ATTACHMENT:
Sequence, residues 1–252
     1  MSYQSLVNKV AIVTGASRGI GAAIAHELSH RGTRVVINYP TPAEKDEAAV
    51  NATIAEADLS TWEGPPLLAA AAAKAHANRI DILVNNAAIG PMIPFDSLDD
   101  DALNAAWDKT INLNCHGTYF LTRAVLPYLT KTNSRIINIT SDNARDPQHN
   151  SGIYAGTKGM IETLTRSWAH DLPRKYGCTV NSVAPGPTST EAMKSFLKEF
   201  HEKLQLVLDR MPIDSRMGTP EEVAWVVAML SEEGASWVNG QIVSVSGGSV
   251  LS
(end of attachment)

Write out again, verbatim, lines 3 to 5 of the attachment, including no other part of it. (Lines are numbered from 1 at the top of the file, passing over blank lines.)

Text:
    51  NATIAEADLS TWEGPPLLAA AAAKAHANRI DILVNNAAIG PMIPFDSLDD
   101  DALNAAWDKT INLNCHGTYF LTRAVLPYLT KTNSRIINIT SDNARDPQHN
   151  SGIYAGTKGM IETLTRSWAH DLPRKYGCTV NSVAPGPTST EAMKSFLKEF